Email scams, financial fraud, computer hacking, online identity theft and information piracy can be nightmares for business owners. As technology continues to evolve, cyber threats grow in sophistication and complexity, and have the power to destroy a company’s finances and reputation.
1. Password management. Require employees to select strong, complex passwords for their company devices. Aim for at least eight characters with a capital letter and symbol included.
2. Protect sensitive data. Keep data such as employee records, SSNs, health and credit card information off laptops and mobile devices. If you need to transfer sensitive data, always use an encryption service.
3. Secure your WiFi. Be sure to create a separate WiFi network for your customers. Allowing guests to access your corporate WiFi can open up your network to risks like malware.
4. Update security software. Many software programs will automatically update to new versions, but it’s good to check in quarterly to ensure you have the latest version installed. Keeping your security software current is a great line of defense against viruses and malware.
5. Secure your website. Hackers are invisible and fast, and can be detrimental, especially if your website houses customer details and credit card information. Ensure your website is protected by a web application firewall or security applications.
6. Back up your data. If you don’t do so already, it is imperative that you back up data on a regular basis in case you are a victim of cybercrime and need to erase and re-install your data.
7. Monitor accounts. Keep a careful watch on your accounts—especially financial—for unusual or unauthorized activity. If you know you are a victim of cybercrime, freeze your accounts and contact the authorities immediately.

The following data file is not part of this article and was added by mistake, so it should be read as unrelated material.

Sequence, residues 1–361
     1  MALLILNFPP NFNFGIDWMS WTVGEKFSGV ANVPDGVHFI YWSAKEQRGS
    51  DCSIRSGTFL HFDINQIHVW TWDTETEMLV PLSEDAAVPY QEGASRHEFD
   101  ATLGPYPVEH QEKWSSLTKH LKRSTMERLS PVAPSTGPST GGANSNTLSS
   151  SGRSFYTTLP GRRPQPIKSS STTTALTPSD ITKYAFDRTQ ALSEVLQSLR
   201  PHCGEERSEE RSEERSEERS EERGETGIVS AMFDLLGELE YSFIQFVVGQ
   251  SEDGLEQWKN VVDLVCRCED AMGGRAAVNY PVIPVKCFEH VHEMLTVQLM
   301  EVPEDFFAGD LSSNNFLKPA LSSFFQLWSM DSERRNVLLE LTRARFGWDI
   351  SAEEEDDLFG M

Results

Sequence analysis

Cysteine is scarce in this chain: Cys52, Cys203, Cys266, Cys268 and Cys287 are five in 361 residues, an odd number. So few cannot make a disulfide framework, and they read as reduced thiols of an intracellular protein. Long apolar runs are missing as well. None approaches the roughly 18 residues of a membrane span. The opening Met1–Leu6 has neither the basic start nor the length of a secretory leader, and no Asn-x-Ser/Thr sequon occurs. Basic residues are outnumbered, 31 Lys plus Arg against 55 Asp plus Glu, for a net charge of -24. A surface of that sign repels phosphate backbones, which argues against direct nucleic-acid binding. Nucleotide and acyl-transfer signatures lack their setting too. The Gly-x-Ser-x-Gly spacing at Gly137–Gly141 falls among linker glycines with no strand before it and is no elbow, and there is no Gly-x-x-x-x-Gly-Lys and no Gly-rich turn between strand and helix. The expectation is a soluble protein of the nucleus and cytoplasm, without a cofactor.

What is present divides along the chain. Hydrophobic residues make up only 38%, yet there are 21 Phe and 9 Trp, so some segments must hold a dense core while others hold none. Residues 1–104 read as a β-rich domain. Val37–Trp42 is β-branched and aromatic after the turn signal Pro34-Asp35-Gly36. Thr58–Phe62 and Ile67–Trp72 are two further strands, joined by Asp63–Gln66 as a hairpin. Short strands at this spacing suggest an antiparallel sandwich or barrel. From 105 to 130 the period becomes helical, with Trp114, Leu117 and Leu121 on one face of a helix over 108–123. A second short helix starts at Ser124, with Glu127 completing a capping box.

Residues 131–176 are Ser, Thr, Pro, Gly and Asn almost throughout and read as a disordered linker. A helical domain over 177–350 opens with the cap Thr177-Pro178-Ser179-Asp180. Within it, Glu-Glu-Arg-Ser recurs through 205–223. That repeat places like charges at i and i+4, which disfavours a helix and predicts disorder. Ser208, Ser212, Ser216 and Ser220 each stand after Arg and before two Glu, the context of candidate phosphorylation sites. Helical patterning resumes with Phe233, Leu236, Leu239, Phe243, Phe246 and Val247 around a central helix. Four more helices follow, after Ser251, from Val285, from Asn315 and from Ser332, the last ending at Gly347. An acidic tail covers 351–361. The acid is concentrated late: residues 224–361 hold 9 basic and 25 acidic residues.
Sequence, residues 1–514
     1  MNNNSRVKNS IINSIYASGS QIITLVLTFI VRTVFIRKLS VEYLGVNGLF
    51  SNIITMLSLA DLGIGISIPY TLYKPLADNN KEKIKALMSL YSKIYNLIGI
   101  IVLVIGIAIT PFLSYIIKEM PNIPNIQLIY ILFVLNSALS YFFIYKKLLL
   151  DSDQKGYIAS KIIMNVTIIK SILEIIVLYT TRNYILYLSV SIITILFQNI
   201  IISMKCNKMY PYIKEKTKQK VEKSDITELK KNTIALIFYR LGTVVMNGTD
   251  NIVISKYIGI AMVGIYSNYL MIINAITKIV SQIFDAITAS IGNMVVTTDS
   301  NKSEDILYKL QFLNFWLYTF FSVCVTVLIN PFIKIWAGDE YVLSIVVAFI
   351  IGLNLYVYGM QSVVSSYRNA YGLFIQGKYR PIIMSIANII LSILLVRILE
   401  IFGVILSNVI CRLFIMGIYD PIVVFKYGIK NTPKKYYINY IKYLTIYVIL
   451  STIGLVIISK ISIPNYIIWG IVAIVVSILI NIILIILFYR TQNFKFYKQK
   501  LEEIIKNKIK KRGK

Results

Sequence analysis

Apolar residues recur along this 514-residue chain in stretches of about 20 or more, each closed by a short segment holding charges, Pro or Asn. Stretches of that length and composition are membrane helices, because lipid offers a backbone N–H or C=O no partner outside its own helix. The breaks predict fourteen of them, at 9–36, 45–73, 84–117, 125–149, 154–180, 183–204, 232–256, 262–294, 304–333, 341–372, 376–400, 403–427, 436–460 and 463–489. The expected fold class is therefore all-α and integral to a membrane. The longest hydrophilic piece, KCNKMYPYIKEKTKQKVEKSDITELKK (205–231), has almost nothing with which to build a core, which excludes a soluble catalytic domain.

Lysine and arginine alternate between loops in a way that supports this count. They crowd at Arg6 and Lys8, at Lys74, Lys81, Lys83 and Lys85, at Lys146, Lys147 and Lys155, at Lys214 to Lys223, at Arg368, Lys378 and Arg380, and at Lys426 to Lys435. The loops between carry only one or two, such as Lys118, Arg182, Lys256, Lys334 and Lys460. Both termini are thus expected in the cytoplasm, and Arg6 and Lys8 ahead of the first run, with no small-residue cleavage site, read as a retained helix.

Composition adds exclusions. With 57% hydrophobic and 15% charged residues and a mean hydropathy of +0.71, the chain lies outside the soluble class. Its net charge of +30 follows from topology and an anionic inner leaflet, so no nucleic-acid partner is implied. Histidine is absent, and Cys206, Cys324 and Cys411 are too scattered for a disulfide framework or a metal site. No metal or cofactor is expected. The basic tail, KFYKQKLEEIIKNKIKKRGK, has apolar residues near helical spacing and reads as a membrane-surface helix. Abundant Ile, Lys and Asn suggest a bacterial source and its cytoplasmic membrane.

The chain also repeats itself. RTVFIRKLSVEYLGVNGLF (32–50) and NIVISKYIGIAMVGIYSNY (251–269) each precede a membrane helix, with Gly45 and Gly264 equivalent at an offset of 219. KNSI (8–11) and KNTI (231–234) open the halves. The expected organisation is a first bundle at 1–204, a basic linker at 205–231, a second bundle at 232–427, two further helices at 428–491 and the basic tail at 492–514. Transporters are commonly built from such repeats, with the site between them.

8. Travel smart. When traveling for work, remember to disable Bluetooth on your mobile device when not in use, as nearby hackers can gain access to your device through Bluetooth. Devices with older operating systems are more vulnerable to these attacks.
9. Offer training. Help your employees recognize email scams and better protect company data by offering training in person or through webinars. Regular trainings will equip employees with the right tools and knowledge to quickly detect a threat and respond according to industry best practices.
10. Create an incident response plan. Create a plan for if your business does become a victim of cybercrime. Include instructions for employees to elevate the incident, such as clicking on a harmful URL, to the next level of leadership or IT personnel.
Larry Silver is the director for Cox Business mid-market and security sales in Arizona.